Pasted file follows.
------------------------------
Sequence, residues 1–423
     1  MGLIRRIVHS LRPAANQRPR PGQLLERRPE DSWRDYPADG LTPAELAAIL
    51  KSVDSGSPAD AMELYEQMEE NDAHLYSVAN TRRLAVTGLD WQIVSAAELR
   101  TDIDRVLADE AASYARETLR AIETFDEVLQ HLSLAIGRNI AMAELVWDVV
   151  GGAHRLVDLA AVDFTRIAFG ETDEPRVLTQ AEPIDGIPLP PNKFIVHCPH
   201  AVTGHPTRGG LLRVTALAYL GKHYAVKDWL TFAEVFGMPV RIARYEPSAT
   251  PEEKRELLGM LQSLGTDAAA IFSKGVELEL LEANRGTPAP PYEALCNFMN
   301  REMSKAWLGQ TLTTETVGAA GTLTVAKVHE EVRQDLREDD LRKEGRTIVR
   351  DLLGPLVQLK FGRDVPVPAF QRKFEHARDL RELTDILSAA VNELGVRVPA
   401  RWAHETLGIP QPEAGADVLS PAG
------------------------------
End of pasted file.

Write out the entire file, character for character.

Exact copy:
Sequence, residues 1–423
     1  MGLIRRIVHS LRPAANQRPR PGQLLERRPE DSWRDYPADG LTPAELAAIL
    51  KSVDSGSPAD AMELYEQMEE NDAHLYSVAN TRRLAVTGLD WQIVSAAELR
   101  TDIDRVLADE AASYARETLR AIETFDEVLQ HLSLAIGRNI AMAELVWDVV
   151  GGAHRLVDLA AVDFTRIAFG ETDEPRVLTQ AEPIDGIPLP PNKFIVHCPH
   201  AVTGHPTRGG LLRVTALAYL GKHYAVKDWL TFAEVFGMPV RIARYEPSAT
   251  PEEKRELLGM LQSLGTDAAA IFSKGVELEL LEANRGTPAP PYEALCNFMN
   301  REMSKAWLGQ TLTTETVGAA GTLTVAKVHE EVRQDLREDD LRKEGRTIVR
   351  DLLGPLVQLK FGRDVPVPAF QRKFEHARDL RELTDILSAA VNELGVRVPA
   401  RWAHETLGIP QPEAGADVLS PAG